Park across from White House reopens after almost a year of being closed

Law enforcement had forcefully removed protesters there ahead of a Trump visit.

After almost a year of being closed to the public, Lafayette Square, the park north of the White House, quietly reopened to the public on Monday.

PHOTO: President Donald Trump holds up a Bible as he stands in front of St. John's Episcopal Church across from the White House during ongoing protests over racial inequality in the wake of the death of George Floyd in Washington, D.C., June 1, 2020.

President Donald Trump holds up a Bible as he stands in front of St. John's Episcopal Church across from the White House during ongoing protests over racial inequality in the wake of the death of George Floyd in Washington, D.C., June 1, 2020.

Fencing still surrounds the park, but the entrances have been opened, offering visitors a closer view of the White House.

PHOTO: Lafayette Park, across the street from the White House, reopens in a limited capacity in Washington, May 10, 2021.

Lafayette Park, across the street from the White House, reopens in a limited capacity in Washington, May 10, 2021.

A group of visitors on Monday told ABC News that they were initially told to leave by an officer who said the park had not reopened, but other officers quickly stepped in to say the square had indeed reopened and that they could stay.

PHOTO: From left, Eliana Lord, Carly Mihovich, Stephanie Justice, and Nick Hansen, visiting from Columbia, S.C., take a photo at Lafayette Park, across the street from the White House, after it reopens in a limited capacity in Washington, May 10, 2021.

From left, Eliana Lord, Carly Mihovich, Stephanie Justice, and Nick Hansen, visiting from Columbia, S.C., take a photo at Lafayette Park, across the street from the White House, after it reopens in a limited capacity in Washington, May 10, 2021. Fencing remains in place around the park which will allow the Secret Service to temporarily close the park as they deem necessary.

There was no formal announcement about the park's reopening.

"In protecting the White House and its residents, the U.S. Secret Service acknowledges that the surrounding area can be a powerful symbol of our nation and our democracy, and the agency is committed to balancing necessary security measures with the importance of public access and view," a Secret Service spokesperson told ABC News in response to a request for comment. "Due to the need to maintain operational security, we do not discuss the specifics of security fencing or other operational means and methods."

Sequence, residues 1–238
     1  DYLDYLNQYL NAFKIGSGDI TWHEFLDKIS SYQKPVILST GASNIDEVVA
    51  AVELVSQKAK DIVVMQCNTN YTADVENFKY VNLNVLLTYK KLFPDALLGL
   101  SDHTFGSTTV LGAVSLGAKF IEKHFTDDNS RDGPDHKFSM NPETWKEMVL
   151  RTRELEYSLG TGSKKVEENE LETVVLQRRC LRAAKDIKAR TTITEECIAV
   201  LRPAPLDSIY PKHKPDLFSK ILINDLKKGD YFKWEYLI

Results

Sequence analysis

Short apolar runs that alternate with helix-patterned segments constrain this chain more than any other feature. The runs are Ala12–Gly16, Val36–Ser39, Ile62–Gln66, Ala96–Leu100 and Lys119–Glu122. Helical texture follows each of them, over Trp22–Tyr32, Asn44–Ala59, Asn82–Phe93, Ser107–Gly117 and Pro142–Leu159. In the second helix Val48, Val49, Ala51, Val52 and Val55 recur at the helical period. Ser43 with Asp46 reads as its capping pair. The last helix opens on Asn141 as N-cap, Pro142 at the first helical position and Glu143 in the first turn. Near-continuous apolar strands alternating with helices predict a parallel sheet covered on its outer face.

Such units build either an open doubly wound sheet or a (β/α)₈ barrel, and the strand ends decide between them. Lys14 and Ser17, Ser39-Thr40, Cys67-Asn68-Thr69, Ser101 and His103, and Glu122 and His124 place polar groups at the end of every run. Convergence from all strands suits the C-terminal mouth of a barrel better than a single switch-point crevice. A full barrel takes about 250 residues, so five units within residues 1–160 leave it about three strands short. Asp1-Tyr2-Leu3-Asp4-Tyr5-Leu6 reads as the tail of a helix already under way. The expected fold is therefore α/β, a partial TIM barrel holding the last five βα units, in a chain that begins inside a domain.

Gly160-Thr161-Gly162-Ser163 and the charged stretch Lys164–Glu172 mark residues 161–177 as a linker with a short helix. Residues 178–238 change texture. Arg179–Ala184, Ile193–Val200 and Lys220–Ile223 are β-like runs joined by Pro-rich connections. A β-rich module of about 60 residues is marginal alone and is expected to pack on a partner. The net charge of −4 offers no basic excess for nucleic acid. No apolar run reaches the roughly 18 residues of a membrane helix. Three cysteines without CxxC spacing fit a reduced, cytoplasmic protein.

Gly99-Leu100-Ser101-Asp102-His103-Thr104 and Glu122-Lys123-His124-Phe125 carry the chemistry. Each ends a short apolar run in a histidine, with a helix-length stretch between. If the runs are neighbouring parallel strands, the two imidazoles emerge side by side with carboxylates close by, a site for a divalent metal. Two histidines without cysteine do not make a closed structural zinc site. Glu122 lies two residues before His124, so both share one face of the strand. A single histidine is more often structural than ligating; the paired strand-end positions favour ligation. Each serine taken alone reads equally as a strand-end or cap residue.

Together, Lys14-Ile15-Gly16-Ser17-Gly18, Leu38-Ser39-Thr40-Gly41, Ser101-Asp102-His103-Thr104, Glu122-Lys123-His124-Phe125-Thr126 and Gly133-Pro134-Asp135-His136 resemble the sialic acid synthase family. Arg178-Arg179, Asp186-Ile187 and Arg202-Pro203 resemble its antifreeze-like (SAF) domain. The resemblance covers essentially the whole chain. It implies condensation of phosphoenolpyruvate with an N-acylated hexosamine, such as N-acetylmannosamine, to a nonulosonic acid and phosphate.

ABC News also reached out to the U.S. National Park Service about the reopening, but did not immediately get a response.

PHOTO: Lafayette Park, across the street from the White House, reopens in a limited capacity in Washington, May 10, 2021.

Lafayette Park, across the street from the White House, reopens in a limited capacity in Washington, May 10, 2021.

The square has a long history of hosting both small and large demonstrations and protests.

Following the killing of George Floyd in Minneapolis, demonstrators had gathered in Washington and Lafayette Square -- part of nationwide protests.

PHOTO: Police clear the area around Lafayette Park and the White House in Washington, as demonstrators protested the death of George Floyd, June 1, 2020.

Police clear the area around Lafayette Park and the White House in Washington, as demonstrators protested the death of George Floyd, June 1, 2020.

On June 1, law enforcement used chemical irritants and smoke canisters to clear the protesters from the park, making way for the president and his photo-op in front of the nearby church.

PHOTO: A line of police move demonstrators away from St. John's Church across Lafayette Park from the White House, June 1, 2020, in Washington.

A line of police move demonstrators away from St. John's Church across Lafayette Park from the White House, June 1, 2020, in Washington. People were protesting the death of George Floyd in Minneapolis police custody.

Two days later, the District of Columbia Public Works Department painted the words "Black Lives Matter" in massive yellow on the street near the White House. Over the course of the rest of the summer and into the following year, protesters gathered at what the mayor officially named Black Lives Matter Plaza.

ABC News' Jordyn Phelps, Ben Gittleson, Luke Barr and Dee Carden contributed to this report.

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